Cyclophobia: The Fear of Bicycles

Cyclophobia The Fear of Bicycles

Riding a bike is one of the fun games that one gets to experience during his/her lifetime. However, when you begin to fear to have to touch a bike, let alone ride it, you just might be dealing with a type of phobia known as Cyclophobia.

Cyclophobia can be defined as the irrational fear of bicycles. People who experience cyclophobia are often afraid of anything that has to do with bicycles. A person who is experiencing this fear will find out that the mere thought of riding a bike let alone actually riding it is very scary.

In some cases, a person who has cyclophobia, due to their fears, may begin to experience extreme forms of anxiety which can, in turn, lead to full-blown panic attacks. In the long run, such traumatising experiences that the person has to face will only further deepen their fear of bicycles.

According to psychiatrists, cyclophobia can become an intrusive condition, and it is often seen in people who live in places where bicycles or bikes, in general, are commonly used as a means of transportation. In this kind of environment, a person who suffers from cyclophobia can expect to keep experiencing anxieties as they go about their daily lifestyle.

Just like other phobias, people who have cyclophobia (and possibly live in areas where bikes and bicycles are commonly used) will avoid going to specific areas such as the highway, junctions and parks in order to avoid their fears.

Most people with cyclophobia will always prefer staying indoors for as long as they can (maybe only going out for necessities that can’t be supplied to their homes), just to avoid their fears. Although by doing this, they can control their anxieties for a brief period; however, this act of avoidance will only lead to the further worsening of their symptoms and condition.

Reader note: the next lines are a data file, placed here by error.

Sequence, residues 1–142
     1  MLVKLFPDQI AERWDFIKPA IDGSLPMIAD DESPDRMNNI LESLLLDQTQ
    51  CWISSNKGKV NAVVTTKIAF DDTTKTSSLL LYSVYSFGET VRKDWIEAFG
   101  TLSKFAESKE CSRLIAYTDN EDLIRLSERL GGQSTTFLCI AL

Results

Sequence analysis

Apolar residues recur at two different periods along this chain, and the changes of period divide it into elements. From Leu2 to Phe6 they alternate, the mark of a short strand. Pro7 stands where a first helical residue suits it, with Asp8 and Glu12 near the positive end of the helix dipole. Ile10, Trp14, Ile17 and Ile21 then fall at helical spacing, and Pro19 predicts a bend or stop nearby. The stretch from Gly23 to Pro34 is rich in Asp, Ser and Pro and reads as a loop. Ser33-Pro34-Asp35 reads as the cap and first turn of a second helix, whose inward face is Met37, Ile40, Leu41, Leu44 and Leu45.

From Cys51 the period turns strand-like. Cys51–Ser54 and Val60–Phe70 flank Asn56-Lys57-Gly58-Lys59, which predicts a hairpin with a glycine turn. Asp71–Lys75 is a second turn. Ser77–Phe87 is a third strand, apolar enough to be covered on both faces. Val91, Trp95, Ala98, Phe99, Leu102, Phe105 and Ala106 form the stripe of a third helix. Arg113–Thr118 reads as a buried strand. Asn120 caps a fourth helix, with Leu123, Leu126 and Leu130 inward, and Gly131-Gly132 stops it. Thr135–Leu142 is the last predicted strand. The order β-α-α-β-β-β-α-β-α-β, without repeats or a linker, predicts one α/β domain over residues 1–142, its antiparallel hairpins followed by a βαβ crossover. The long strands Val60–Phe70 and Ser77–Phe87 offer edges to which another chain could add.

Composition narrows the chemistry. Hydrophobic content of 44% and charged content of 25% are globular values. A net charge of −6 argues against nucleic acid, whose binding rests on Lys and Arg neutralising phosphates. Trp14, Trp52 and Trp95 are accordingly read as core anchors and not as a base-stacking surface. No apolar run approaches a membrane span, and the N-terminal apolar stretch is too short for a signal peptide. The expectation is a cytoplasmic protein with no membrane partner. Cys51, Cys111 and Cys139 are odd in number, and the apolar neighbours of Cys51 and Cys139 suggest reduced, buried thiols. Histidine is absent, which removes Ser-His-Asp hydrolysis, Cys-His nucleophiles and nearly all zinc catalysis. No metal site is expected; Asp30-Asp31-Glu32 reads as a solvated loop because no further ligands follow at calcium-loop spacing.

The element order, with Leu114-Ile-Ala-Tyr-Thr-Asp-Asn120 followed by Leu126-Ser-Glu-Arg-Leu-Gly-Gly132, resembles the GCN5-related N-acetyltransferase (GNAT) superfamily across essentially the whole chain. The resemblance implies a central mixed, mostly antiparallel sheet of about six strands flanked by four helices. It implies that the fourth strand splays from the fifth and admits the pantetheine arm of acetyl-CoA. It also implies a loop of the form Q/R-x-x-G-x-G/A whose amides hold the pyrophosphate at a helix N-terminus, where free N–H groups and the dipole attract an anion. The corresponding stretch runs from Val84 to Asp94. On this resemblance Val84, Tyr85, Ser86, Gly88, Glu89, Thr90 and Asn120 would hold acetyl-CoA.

According to psychiatrists, most people who have presented with cyclophobia understand that their fears are irrational, however, when they are confronted with it (maybe on the highway), they lack the ability to maintain their previous rational disposition; hence anxiety and panic attacks may set in.

Causes of Cyclophobia

Just like other phobias, cyclophobia doesn’t have a known cause. However, research has been able to list certain factors which, when added up, can cause a person to develop cyclophobia. These factors include:


Every human is made up of genes. Genes are inherited traits that can present in a person. Although, you are unique in your own way, however, there are traces of your parents and by extension family in you.

If your parents or any member of your family have previously experienced any anxiety or mental disorder such as levophobia, autophobia, schizophrenia and so on, there is a tendency that you may develop an anxiety disorder such as cyclophobia.

It is crucial to note that although your parents or family member may have had particular anxiety or mental disorder, e.g. autophobia, this doesn’t mean that you will develop autophobia.

This means that you may not necessarily get to develop the same disorder as your family member. You may develop other disorders such as cyclophobia.

Environmental factors

Although you have a genetic predisposition to developing phobias, without an environmental factor to serve as a trigger, that genetic predisposition will lie dormant in you.